Stock density is influenced in two ways. The first is placing more animals into a herd, and the second is by making the grazing paddock smaller. With higher stock densities, livestock behavior changes, in that the grazing animals graze more uniformly and less selectively. This way, they utilize the less-palatable plants as well as the more palatable. This is an important concept with regenerative grazing.

High stock densities create a competitive grazing behavior within the herd, as livestock select from a greater diversity of plants during each grazing event. In addition, higher stock densities more effectively build soil health. With more uniform grazing, there is more uniform distribution of feces and urine across grazing paddocks.

There is also a greater beneficial trampling effect with higher stock densities. With greater livestock concentrations, the ungrazed less- palatable and less-digestible plant material can be placed on the soil surface to become insulating residue as well as litter that is food for soil macroorganisms such as earthworms and nematodes. They digest the material and make it more available to feed both microorganisms and plants as they continue to build soil health and regenerate the soil. In addition, on bare soil, livestock hoof action at higher stock densities can break soil crusts, enabling new plant recruitment with favorable moisture conditions.

6. Apply proper stockmanship skills

Proper stockmanship applies to more than practicing low-stress handling and working pen activities. It also applies to managing and handling livestock in pastures and during paddock moves as part of regenerative grazing. It is important to train naïve livestock to the grazing management on your operation. It takes time and patience to acclimate cattle to the presence of people, horses, ATVs and other equipment. Both we as managers and our ranch employees need to be able to “read” our livestock – their grazing behavior, movements, rumen fill, health and general comfort.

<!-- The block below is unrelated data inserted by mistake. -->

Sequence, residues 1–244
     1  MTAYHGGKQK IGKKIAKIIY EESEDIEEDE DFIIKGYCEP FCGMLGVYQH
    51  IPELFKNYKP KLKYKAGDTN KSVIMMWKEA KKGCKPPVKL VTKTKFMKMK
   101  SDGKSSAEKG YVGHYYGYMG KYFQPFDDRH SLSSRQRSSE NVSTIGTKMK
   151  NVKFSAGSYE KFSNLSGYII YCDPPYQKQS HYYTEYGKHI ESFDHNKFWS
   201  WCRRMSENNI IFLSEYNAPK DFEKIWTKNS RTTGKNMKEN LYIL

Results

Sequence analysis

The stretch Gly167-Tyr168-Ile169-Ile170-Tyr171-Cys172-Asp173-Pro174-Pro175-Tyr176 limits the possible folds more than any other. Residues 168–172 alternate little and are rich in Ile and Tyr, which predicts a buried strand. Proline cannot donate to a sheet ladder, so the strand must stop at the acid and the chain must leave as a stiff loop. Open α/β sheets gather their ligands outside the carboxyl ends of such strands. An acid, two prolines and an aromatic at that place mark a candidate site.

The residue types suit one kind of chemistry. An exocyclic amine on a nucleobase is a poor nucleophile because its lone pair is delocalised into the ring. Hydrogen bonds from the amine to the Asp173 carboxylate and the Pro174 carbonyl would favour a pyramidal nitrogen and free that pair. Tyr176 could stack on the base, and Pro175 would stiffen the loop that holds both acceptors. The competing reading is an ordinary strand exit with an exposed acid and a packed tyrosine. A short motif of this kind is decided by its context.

Training naive cattle to your operations grazing

The more comfortable the livestock are with grazing management, the better they will perform. This requires us to have a good understanding of flight zones and pressure points, and to be able to identify lead animals and those more timid and excitable. Stockmanship is a continually developing skill. Learn from stockmanship experts, and spend time with your animals, observing their behavior during grazing and loafing periods. You’ll soon have the stockmanship skills you need for successful regenerative grazing management.   end mark

PHOTO 1: To effectively manage grazing (timing, frequency, intensity and duration), the number of paddocks per herd is an important variable. The more paddocks per herd, the more effectively we can manage the grazing.

PHOTO 2: With higher stocker density, livestock graze more uniformly and less selectively.

PHOTO 3: Allowing pastures to attain full flush conditions before grazing is a wise strategy.

PHOTO 4: Training naive cattle to your operation’s grazing management is critical. Photos by Rob Mattson, Noble Research Institute.

Hugh Aljoe
  • Hugh Aljoe

  • Director of Producer Relations
  • Noble Research Institute
  • Email Hugh Aljoe